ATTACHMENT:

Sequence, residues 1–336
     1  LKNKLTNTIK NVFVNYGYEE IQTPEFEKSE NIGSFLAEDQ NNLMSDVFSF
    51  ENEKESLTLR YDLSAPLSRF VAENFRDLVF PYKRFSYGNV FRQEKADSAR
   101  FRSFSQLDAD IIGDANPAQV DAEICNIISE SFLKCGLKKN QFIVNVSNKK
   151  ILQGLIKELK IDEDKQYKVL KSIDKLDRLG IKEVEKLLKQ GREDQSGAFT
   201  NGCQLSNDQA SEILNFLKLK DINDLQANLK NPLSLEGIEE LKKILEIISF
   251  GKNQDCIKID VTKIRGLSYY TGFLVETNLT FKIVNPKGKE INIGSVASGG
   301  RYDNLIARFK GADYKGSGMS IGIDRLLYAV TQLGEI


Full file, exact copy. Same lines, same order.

Sequence, residues 1–336
     1  LKNKLTNTIK NVFVNYGYEE IQTPEFEKSE NIGSFLAEDQ NNLMSDVFSF
    51  ENEKESLTLR YDLSAPLSRF VAENFRDLVF PYKRFSYGNV FRQEKADSAR
   101  FRSFSQLDAD IIGDANPAQV DAEICNIISE SFLKCGLKKN QFIVNVSNKK
   151  ILQGLIKELK IDEDKQYKVL KSIDKLDRLG IKEVEKLLKQ GREDQSGAFT
   201  NGCQLSNDQA SEILNFLKLK DINDLQANLK NPLSLEGIEE LKKILEIISF
   251  GKNQDCIKID VTKIRGLSYY TGFLVETNLT FKIVNPKGKE INIGSVASGG
   301  RYDNLIARFK GADYKGSGMS IGIDRLLYAV TQLGEI